Target One




In any other place or time Hassan Muhammed Fazawi would have been a happy man, after all he held the prestigious position of captain in a former Soviet Airline. But he believed his race and religion denied him his place in the West. Like most young Shia men Hassan had rejoiced in the twin towers falling and then became increasingly dismayed as the West turned on his world. He too listened at Friday prayers and over the years in his heart became more convinced something must be done. Slowly and steadily an idea grew in his mind.


Photographic interpretation is a tedious undertaking but it was what Ardell Singleton did for a living. In the seeming never ending reel of images the dry high plains of Kazakhstan rolled under his gaze. A pale stripe where there hadn’t been one before. The dust was stripped from the concrete runway on an abandoned airbase. It was an oddball that Ardell felt obliged to pass upstairs. But would upstairs believe Ardell when his two and two made five?  The disappearance of MH370 confuses the issue and when the weight of opinion puts it in the Southern Ocean it is forgotten. Until four years later a rogue 777 reappears in American skies, headed for Washington DC….

In the wake of 9-11 the United States has with her allies conducted a comprehensive war on terror. Beginning with the occupation of Afghanistan, splintering and marginalising terror groups through to the identification and arrest of operatives, elimination of cells and organisers to culminate in the raid to capture Osama Bin Laden. In all this time the Islamic jihad has suffered reverse after reverse. They may be down but they are not done. Al Qaeda has unfinished business.









17:57pm 11th September 2001. Near Khost, Afghanistan


The room was hot, not as hot as the surrounding country but still hot. The heat sat dry and oppressive with dust motes hanging in the air. It was sparsely furnished as fitting for a remote house on the edge of a rural town. The dry mudpack floor carpeted with a threadbare rug and half a dozen scattered cushions, the walls cracked with ancient whitewash paint. The only source of light an opening in the outer wall that in other parts of the world would contain a window but here in daylight was open to the air and at the fall of night was closed with a canvas screen. The glassless opening looked out onto an enclosed compound in which mangy chickens pecked vainly for crumbs. The compound was completed by a surrounding high mud brick wall, the only means of entry being a steel hinged gate closed and barred as an insurance that any conversation that occurred in the room would not be overheard.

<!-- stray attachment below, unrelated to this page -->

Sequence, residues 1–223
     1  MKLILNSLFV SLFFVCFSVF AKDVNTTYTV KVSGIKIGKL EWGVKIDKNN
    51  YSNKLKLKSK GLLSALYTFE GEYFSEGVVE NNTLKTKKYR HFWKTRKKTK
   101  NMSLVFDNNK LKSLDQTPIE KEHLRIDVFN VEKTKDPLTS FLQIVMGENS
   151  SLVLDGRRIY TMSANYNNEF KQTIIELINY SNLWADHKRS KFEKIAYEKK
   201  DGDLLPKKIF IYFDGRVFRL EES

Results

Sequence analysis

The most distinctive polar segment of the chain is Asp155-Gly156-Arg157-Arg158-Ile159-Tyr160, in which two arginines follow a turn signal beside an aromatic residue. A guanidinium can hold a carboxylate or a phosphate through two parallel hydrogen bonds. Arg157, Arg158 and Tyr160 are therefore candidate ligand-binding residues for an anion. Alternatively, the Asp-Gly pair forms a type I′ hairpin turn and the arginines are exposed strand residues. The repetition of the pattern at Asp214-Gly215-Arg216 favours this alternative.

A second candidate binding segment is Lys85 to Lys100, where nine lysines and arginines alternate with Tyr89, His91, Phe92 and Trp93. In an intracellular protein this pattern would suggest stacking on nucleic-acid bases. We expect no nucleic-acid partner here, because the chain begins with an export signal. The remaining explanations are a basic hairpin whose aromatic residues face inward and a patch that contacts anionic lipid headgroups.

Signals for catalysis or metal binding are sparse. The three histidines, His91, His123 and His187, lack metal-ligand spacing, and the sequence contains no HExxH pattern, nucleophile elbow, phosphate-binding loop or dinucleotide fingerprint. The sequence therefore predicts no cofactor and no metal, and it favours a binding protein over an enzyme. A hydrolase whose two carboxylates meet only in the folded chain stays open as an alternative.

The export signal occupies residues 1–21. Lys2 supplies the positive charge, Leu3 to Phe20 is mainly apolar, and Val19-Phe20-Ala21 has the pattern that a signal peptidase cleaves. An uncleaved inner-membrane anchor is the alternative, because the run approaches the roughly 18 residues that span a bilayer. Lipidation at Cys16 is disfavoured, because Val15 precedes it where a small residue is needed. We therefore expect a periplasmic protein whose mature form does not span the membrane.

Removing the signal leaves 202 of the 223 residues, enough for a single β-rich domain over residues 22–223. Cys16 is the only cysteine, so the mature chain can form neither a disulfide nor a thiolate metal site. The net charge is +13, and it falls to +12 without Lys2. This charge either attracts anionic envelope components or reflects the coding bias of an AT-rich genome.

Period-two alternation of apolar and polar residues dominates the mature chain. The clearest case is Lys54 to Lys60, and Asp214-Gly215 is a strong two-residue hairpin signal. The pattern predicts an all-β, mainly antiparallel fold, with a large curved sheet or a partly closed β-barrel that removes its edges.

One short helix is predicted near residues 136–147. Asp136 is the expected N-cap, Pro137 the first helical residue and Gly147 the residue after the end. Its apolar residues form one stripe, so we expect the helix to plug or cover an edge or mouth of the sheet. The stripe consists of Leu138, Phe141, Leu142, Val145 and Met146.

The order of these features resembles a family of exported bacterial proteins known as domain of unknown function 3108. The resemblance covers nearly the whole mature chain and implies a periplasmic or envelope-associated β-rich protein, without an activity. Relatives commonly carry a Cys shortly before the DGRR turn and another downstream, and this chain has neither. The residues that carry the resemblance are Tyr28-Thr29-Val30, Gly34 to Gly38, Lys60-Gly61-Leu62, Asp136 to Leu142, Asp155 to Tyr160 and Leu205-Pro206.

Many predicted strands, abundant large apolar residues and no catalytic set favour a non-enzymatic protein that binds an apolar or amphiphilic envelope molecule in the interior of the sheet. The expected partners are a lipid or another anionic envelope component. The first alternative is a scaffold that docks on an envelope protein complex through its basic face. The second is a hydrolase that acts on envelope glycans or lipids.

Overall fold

The three men sat cross legged and silent on the only rug. All three were in traditional Pashtun dress with dun Bisht robes pulled around shoulders despite the heat. Mint tea was sipped sparingly through long straggly beards as they waited patiently for news. Unusually the house had a telephone that rang, a jangly metal on metal noise. It was a decrepit thing, an ancient hand me down from a time when Empires existed and the only concession to modernity in the dwelling. Khalid rose at the sound, shuffled over to the device and picked up the handset.

The clicks were loud in his ear as the code message was relayed and he responded in kind.

“The pillars have been struck.” The voice said, the words barely discernible over the crackling on the line.

“God be praised.” Khalid uttered as the words coalesced in his mind. “Both?” He questioned, the excitement in him held in check. 

“Both.” The answer came, the pause on the decrepit line exaggerating the distance between speakers as if they were on different worlds.

“Struck?” Khalid queried.

“On fire.”

“But not fallen?”

The voice came back crestfallen. “Not fallen.”

“And the others?”

“No word. Yet.”

Khalid hung up.


The air became more tense, dryer and even hotter, the silent anticipation growing as they waited for more news.